He traveled to the bay area to feature the Oakland Black Cowboy parade and went to South L.A. to visit the Watt’s towers and the African American Firefighter Museum.
Howser even visited affordable housing developments. He traveled to the Signal Hill area in Long Beach to look at Abode Communities’ Las Brisas Community Housing complex.
While this may all sound like it was geared for an older public television audience, the show reached people of all ages, including young people in schools. “California’s Gold” was endorsed by a number of organizations including: the California Teachers Association; the California Federation of Teachers; the California School Boards Association and the California Council for the Social Studies.
In a recent interview with SoCal Connected, producer Phil Noyes recounted a common interaction Howser had with some viewers.
“People would walk up [to Howser] and say ‘you’re not from California, you’re not a Californian, listen to your accent!’,” said Noyes, who worked with Howser for almost 19-years.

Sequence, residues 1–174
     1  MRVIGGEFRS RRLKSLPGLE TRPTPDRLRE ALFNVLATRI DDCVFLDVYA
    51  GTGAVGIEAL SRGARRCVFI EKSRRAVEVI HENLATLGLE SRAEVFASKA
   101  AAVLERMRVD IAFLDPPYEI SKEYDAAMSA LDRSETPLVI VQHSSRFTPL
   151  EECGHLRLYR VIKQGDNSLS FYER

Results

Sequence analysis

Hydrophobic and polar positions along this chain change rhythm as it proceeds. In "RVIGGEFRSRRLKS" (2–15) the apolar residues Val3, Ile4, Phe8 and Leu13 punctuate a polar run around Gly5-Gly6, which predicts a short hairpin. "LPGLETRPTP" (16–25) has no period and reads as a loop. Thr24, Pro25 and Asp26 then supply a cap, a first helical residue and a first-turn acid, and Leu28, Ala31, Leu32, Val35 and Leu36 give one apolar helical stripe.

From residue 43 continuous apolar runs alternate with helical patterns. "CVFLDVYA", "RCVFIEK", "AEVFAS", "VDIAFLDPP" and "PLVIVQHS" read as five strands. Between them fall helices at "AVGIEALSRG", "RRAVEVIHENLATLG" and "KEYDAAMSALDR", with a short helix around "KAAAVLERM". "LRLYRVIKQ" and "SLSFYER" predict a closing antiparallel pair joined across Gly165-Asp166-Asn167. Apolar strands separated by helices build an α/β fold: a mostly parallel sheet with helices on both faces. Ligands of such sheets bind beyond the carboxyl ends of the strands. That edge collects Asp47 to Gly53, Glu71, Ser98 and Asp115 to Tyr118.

“Huell would lean back and say ‘now what’s a Californian accent exactly? Is it the hundreds of thousands of Vietnamese people that live here? Is it the millions of Hispanic and Latino people that live here?’ and you could see them shrinking back in to their shell and his point was well taken, there’s no such thing as a California accent.”
And with his work, Howser help proved that no matter where you came from you could become a Californian too.
Watch Noyes and Howser’s long time cameraman Luis Fuerte retell this storiy on So Cal connected below.
On Wednesday the president’s inaugural planners announced poet Richard Blanco will be the 2013 inaugural poet. Blanco will become the fifth poet in history to read an official inauguration poem and the first Latino and openly-gay poet to be given the honor.
The biography posted on Blanco’s website identifies him as a Cuban-American. The bio also notes the 44-year-old poet was conceived in Cuba, born in Spain and “imported” to the U.S. when he was only 45-days old. Blanco was raised in Miami by his mother who was a bank teller and his father, a bookkeeper.
President Obama picked Blanco because the poet’s “deeply personal poems are rooted in the idea of what it means to be an American,” according to an inaugural committee spokeswoman who spoke to the New York Times.
Blanco says he feels a connection to the President also.